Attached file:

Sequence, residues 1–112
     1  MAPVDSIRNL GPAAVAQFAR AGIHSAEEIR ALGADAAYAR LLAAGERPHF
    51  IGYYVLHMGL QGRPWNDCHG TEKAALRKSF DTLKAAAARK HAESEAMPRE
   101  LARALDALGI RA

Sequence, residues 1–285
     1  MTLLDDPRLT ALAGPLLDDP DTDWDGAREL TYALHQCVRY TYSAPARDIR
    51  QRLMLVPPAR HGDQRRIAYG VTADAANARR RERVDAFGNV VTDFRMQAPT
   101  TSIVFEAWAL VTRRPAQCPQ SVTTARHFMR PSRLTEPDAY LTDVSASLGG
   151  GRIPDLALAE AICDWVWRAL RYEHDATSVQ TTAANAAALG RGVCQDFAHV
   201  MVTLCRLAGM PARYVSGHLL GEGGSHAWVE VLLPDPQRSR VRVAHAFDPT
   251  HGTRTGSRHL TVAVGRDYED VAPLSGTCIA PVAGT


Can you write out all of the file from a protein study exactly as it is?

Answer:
Sequence, residues 1–112
     1  MAPVDSIRNL GPAAVAQFAR AGIHSAEEIR ALGADAAYAR LLAAGERPHF
    51  IGYYVLHMGL QGRPWNDCHG TEKAALRKSF DTLKAAAARK HAESEAMPRE
   101  LARALDALGI RA

Sequence, residues 1–285
     1  MTLLDDPRLT ALAGPLLDDP DTDWDGAREL TYALHQCVRY TYSAPARDIR
    51  QRLMLVPPAR HGDQRRIAYG VTADAANARR RERVDAFGNV VTDFRMQAPT
   101  TSIVFEAWAL VTRRPAQCPQ SVTTARHFMR PSRLTEPDAY LTDVSASLGG
   151  GRIPDLALAE AICDWVWRAL RYEHDATSVQ TTAANAAALG RGVCQDFAHV
   201  MVTLCRLAGM PARYVSGHLL GEGGSHAWVE VLLPDPQRSR VRVAHAFDPT
   251  HGTRTGSRHL TVAVGRDYED VAPLSGTCIA PVAGT